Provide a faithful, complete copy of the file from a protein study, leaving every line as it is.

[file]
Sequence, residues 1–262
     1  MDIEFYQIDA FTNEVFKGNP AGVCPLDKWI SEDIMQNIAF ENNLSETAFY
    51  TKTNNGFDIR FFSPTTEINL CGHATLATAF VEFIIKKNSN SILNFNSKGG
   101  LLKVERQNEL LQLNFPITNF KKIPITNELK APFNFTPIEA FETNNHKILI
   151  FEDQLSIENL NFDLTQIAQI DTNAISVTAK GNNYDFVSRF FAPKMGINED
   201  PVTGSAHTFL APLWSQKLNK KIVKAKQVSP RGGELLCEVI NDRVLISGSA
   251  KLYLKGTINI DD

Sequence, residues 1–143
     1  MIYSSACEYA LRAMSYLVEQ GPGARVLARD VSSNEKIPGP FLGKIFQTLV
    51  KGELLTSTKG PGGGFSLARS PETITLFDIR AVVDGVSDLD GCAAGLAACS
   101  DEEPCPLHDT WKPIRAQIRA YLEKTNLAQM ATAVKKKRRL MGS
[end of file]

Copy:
Sequence, residues 1–262
     1  MDIEFYQIDA FTNEVFKGNP AGVCPLDKWI SEDIMQNIAF ENNLSETAFY
    51  TKTNNGFDIR FFSPTTEINL CGHATLATAF VEFIIKKNSN SILNFNSKGG
   101  LLKVERQNEL LQLNFPITNF KKIPITNELK APFNFTPIEA FETNNHKILI
   151  FEDQLSIENL NFDLTQIAQI DTNAISVTAK GNNYDFVSRF FAPKMGINED
   201  PVTGSAHTFL APLWSQKLNK KIVKAKQVSP RGGELLCEVI NDRVLISGSA
   251  KLYLKGTINI DD

Sequence, residues 1–143
     1  MIYSSACEYA LRAMSYLVEQ GPGARVLARD VSSNEKIPGP FLGKIFQTLV
    51  KGELLTSTKG PGGGFSLARS PETITLFDIR AVVDGVSDLD GCAAGLAACS
   101  DEEPCPLHDT WKPIRAQIRA YLEKTNLAQM ATAVKKKRRL MGS